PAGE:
Friday, December 20, 2013
S.O.S. Band - On the Rise
The band for this album consisted of Jason Bryant (keyboards and vocals), Mary Davis (lead vocals), Billy Ellis (saxophone), Willie Killebrew (saxophone and flute), Abdul Ra’oof (trumpet, horn, percussion and lead vocals), John A. Simpson III (bass), Bruno Speight (guitar) and Jerome “J.T.” Thomas (drums). Jimmy Jam and Terry Lewis were involved in the production of the record.
Side one starts with smooth seven-minute version of the ballad “Tell Me If You Still Care”. As the second single, an edited version peaked at number 81 in the UK, number 65 on the US Billboard Hot 100, number 39 in the Netherlands and number 5 on the US Billboard R&B chart.
The first single was “Just Be Good to Me”, a plea to a playboy to finally settle down. It went to number 55 on the US Billboard Hot 100, number 22 in the Netherlands, number 21 in Ireland, number 17 in Australia, number 13 in the UK, number 10 in New Zealand, number 3 on the US Billboard Dance chart, and number 2 on the US Billboard R&B chart. This one was a big jam in the clubs and at parties for a couple years after its release - a definite crowd pleaser. The album cut, an amazing nine minutes in length, was the version I remember most; even hearing it again three decades later instantly puts me in a great mood.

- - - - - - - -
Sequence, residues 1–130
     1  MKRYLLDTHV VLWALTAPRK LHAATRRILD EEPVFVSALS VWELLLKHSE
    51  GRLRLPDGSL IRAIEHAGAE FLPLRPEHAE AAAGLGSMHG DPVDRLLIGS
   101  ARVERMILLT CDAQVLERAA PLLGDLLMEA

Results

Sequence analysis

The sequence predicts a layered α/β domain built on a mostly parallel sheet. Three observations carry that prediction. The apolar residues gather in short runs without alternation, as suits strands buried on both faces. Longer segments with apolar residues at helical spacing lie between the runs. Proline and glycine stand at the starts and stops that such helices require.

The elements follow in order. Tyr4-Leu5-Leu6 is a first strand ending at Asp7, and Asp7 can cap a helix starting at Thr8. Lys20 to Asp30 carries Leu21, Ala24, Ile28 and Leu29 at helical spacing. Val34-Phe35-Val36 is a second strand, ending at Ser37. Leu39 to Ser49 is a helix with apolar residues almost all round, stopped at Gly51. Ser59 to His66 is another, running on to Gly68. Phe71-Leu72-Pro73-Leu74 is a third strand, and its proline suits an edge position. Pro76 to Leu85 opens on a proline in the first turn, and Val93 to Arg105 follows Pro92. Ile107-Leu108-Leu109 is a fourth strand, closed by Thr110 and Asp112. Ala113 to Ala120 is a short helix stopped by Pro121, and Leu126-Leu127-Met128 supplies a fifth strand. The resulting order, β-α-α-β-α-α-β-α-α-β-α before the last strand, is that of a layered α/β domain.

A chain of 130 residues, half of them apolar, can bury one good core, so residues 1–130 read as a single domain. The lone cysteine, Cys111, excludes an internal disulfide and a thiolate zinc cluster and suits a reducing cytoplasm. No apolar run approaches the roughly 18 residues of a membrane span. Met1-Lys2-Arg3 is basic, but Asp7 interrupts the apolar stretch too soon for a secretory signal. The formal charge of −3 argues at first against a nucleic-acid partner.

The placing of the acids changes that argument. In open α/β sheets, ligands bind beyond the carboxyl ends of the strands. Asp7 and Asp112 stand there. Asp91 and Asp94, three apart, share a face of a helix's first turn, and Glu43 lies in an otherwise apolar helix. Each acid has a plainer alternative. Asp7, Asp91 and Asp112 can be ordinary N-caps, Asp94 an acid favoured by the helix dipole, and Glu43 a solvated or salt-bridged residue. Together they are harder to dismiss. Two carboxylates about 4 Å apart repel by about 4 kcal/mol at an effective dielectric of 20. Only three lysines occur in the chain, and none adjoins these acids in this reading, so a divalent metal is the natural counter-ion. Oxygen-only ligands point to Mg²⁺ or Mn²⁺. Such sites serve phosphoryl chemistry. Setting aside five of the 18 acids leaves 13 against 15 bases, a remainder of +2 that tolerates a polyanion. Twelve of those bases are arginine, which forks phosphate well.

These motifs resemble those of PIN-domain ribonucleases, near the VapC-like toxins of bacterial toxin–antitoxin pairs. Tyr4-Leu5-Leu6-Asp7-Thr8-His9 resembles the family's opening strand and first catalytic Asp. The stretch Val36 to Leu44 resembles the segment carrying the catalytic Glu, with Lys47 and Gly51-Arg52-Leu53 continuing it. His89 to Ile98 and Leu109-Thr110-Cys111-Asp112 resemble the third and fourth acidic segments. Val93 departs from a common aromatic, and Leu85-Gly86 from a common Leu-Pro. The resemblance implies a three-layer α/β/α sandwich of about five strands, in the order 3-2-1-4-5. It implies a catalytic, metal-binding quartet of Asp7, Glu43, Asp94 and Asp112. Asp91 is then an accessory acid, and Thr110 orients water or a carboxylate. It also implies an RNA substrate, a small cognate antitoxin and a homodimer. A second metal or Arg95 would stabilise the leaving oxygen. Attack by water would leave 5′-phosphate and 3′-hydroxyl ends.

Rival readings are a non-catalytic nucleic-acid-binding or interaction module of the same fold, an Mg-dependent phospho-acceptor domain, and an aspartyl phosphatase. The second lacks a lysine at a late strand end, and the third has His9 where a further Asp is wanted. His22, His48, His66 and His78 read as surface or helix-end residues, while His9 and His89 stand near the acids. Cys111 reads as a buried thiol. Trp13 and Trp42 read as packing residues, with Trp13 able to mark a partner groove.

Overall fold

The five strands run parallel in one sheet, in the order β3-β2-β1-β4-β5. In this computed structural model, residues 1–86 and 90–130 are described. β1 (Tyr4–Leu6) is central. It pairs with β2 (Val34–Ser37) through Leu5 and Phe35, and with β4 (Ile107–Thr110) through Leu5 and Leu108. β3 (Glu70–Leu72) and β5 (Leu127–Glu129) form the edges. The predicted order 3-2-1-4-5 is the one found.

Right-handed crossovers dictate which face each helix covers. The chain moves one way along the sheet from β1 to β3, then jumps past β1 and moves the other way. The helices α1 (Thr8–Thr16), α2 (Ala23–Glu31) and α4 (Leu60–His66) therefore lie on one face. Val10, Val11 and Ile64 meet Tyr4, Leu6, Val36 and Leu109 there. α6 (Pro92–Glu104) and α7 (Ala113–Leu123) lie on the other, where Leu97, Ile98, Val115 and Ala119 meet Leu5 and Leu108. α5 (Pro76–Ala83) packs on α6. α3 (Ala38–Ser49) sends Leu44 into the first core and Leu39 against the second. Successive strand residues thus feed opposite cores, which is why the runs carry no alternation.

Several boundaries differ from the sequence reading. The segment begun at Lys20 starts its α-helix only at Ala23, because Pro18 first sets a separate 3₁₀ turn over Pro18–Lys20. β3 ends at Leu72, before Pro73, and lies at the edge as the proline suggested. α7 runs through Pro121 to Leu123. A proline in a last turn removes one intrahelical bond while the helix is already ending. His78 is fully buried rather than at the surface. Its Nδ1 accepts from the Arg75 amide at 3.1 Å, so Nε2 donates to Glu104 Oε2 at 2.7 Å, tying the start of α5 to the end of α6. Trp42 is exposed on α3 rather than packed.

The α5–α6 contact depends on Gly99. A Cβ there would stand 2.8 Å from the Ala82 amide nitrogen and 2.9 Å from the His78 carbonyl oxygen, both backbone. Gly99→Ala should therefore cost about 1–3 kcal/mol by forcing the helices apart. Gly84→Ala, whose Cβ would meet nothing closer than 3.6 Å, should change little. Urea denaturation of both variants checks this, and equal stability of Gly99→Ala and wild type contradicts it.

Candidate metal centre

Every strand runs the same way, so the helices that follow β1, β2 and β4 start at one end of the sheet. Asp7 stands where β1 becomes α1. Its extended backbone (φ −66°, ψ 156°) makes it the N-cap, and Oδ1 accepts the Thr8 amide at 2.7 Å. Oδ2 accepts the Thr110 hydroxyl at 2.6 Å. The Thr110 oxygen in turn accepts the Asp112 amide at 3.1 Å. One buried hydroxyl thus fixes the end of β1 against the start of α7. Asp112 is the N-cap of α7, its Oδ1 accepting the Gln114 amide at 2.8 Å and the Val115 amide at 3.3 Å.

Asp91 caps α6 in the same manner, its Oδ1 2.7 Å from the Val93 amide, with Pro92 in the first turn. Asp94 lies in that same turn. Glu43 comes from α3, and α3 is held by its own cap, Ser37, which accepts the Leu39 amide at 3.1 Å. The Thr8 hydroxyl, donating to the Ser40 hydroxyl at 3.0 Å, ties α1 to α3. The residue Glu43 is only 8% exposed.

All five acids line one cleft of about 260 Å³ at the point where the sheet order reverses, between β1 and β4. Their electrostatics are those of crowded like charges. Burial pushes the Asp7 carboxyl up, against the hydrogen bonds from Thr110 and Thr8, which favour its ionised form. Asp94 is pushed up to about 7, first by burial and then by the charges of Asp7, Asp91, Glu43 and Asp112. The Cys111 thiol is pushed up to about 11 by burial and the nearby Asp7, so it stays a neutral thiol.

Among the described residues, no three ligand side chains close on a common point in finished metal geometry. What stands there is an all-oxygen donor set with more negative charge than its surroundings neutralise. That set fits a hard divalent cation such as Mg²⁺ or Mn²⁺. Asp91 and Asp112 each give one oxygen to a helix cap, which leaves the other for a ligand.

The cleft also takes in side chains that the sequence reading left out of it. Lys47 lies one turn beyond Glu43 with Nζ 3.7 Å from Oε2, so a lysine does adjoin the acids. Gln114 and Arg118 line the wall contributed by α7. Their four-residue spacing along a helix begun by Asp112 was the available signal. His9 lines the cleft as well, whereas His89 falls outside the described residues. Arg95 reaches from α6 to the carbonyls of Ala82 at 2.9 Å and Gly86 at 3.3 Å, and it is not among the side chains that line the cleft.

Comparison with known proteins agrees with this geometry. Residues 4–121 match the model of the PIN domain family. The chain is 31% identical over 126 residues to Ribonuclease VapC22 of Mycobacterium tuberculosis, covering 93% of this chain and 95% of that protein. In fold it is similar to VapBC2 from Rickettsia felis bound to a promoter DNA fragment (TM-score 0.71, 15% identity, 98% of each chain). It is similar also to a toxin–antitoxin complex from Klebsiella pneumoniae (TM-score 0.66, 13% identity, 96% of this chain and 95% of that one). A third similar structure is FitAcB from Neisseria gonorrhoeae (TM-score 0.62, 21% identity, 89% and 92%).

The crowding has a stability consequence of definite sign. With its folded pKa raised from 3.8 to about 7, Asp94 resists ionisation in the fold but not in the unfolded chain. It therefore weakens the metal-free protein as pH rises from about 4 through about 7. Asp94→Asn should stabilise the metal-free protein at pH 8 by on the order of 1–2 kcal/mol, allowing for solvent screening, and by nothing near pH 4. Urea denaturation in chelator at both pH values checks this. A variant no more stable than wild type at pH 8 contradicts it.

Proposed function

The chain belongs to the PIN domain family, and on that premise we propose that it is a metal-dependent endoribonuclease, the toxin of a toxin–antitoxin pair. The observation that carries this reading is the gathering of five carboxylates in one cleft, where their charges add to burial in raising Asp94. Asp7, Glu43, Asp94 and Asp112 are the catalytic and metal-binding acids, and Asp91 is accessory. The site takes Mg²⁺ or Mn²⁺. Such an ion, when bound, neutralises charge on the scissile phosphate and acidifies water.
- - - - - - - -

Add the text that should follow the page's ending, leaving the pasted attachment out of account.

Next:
“For Your Love”, the third single, charted at number 34 on the US Billboard R&B chart and number 26 on the US Billboard Dance chart. Again, for the album cut, we are treated to a much longer version. It gives the band plenty of time to get down and get funky.
Side two opens with up-tempo “I’m Not Runnin’”, an assertive anthem about going after the love you want.
“If You Want My Love” opens with a brief riff on a big-top circus theme played on the keyboards before moving into a deep dance groove.
The title track “On the Rise”, with its thundering percussion, is next.
The band then gives listeners a cool cover of “Who’s Making Love”, a song first charted in 1968 by soul singer Johnnie Taylor. Having Davis sing this one gives it an added element of a woman‘s “if you can do it, she can too”.
The saxophone soaked “Steppin’ the Stones” closes out the original vinyl release.
A digitally remastered import CD released this summer to mark the thirtieth anniversary included four additional tracks. This included an extended version of “For Your Love” and “If You Want My Love” and two variant versions of “Just Be Good to Me”.
While I never owned On the Rise back in the day, I am sure I was very familiar with a number of the tracks thanks to the many nights I spent out dancing. It is a solid R&B record from start to finish and right in line with the mid-80’s party records I was into during my college years. If you’re looking to jam, go give this one a spin on Spotify before buying it from your favorite digital music source.